IN THE OCEAN OF NIGHT by Gregory Benford

IN THE OCEAN OF NIGHT

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KIRKUS REVIEW

Nigel Walmsley, gifted scientist and insubordinate astronaut, kicks off his career with a tantalizing brush with a derelict alien spacecraft. Fifteen years later he is trying to establish communication with another ship; a few years after that he is on the Moon investigating an ancient, long-abandoned alien computer center with a possible link to the North Pacific Bigfoot. Feared and distrusted by assorted NASA muckety-mucks, he pursues a half-glimpsed dream against a background of Earthside pollution, cultural unrest, and increasing religious fanaticism. An ambitious narrative, but many of its ambitions are curiously perfunctory. Benford seems basically uninterested in the busy details of socio-cultural change and space hardware that crowd his canvas. An intermittently moving love story is burdened by the detritus of chic (the making of the breakfast soufflÉ) and is linked to a portrayal of alien attempts at transverbal communication--sometimes exciting, sometimes just hifalutin. All in all: full of possibilities, but unfocused and labored.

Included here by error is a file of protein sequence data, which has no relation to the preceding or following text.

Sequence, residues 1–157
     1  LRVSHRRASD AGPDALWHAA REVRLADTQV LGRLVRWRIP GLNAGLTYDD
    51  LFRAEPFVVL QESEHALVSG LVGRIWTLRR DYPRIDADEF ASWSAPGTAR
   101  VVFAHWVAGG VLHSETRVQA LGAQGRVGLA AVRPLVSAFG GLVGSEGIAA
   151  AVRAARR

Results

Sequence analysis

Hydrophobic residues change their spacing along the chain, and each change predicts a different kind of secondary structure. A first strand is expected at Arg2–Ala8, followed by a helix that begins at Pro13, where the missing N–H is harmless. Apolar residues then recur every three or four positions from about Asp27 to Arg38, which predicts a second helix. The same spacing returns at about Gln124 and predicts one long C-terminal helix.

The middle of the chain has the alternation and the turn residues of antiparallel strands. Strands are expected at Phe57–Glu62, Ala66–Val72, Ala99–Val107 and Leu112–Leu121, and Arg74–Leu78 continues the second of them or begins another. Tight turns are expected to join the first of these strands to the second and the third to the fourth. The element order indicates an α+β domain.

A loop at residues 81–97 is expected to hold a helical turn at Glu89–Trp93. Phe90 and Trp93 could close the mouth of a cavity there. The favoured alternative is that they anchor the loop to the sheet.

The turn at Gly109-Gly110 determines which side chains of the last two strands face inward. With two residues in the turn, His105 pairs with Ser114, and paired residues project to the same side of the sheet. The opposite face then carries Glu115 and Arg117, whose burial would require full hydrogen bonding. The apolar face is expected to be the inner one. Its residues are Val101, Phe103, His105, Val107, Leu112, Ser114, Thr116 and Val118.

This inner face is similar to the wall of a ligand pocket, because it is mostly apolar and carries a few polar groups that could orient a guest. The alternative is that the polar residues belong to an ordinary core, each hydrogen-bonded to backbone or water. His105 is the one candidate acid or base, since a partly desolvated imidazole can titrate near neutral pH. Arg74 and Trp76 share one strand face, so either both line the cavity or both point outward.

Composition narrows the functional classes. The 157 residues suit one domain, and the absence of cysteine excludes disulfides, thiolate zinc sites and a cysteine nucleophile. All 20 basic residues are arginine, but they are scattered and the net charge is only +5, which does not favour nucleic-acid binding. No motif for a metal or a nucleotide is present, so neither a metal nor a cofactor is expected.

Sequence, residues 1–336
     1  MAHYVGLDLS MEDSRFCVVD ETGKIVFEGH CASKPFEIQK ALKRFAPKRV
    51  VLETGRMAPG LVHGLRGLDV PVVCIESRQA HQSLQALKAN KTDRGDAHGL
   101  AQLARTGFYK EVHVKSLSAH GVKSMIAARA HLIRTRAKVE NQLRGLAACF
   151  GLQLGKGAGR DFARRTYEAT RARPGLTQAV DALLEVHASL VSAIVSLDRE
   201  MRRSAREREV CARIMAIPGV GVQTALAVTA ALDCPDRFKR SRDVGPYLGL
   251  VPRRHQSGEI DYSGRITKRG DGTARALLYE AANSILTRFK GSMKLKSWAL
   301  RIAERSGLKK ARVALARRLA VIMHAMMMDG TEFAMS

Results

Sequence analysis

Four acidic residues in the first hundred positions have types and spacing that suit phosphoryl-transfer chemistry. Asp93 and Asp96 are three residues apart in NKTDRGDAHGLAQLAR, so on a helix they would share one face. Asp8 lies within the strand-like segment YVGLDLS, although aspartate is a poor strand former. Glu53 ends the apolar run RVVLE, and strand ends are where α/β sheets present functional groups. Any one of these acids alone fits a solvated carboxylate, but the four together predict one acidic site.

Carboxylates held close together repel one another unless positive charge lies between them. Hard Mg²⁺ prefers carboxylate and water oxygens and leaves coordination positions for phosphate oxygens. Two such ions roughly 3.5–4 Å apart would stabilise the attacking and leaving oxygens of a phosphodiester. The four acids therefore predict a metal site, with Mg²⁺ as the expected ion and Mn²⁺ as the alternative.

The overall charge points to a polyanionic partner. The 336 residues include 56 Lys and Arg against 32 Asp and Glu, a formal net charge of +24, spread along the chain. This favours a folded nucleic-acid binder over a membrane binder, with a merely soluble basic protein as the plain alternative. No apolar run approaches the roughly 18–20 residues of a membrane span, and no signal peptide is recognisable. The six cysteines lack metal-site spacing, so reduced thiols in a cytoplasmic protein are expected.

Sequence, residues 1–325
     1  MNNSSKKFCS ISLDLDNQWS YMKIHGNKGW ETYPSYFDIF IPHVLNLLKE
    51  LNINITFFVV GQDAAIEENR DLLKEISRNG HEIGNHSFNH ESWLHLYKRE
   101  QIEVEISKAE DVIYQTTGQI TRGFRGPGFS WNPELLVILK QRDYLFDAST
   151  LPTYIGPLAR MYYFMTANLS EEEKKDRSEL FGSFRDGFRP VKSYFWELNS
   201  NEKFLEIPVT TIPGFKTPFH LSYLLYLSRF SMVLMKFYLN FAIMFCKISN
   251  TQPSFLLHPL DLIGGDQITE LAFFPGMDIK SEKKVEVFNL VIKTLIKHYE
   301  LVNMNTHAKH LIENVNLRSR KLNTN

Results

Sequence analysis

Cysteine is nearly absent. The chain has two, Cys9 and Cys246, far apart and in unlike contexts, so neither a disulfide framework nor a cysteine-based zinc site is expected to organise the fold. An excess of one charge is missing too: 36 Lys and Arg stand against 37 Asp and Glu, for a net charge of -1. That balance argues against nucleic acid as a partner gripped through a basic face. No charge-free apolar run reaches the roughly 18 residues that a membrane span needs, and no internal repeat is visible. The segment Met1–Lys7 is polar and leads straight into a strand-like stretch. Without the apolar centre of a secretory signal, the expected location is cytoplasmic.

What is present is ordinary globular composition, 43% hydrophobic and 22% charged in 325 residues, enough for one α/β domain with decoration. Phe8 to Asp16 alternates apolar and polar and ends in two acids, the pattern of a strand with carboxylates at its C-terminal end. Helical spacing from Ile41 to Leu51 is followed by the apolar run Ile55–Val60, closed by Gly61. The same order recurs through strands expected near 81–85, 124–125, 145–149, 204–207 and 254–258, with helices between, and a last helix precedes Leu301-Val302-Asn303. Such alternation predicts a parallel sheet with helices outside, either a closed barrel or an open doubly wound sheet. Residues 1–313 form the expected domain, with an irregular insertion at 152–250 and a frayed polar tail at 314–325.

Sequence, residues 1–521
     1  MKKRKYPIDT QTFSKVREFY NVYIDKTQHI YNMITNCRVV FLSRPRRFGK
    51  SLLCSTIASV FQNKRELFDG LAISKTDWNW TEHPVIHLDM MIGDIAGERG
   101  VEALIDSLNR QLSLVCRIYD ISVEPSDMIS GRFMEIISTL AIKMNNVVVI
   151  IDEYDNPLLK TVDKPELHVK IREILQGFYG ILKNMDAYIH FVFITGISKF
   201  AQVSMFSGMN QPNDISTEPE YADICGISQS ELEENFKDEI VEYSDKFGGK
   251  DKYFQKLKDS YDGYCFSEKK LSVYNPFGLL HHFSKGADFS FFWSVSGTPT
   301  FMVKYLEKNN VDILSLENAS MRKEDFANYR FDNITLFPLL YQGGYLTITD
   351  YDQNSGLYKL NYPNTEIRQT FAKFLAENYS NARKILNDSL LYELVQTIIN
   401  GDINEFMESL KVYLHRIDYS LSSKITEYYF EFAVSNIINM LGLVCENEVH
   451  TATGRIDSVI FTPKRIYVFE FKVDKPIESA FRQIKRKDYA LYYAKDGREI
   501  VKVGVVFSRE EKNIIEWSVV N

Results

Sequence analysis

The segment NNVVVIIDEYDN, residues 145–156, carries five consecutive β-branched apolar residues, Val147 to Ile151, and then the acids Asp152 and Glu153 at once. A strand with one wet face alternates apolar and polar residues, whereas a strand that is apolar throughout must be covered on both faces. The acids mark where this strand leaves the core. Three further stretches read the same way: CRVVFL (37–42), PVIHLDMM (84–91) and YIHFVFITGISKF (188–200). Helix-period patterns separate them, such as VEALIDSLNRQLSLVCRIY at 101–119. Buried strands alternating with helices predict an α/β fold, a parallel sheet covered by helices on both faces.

Pub Date: Oct. 30th, 1977
Publisher: Dial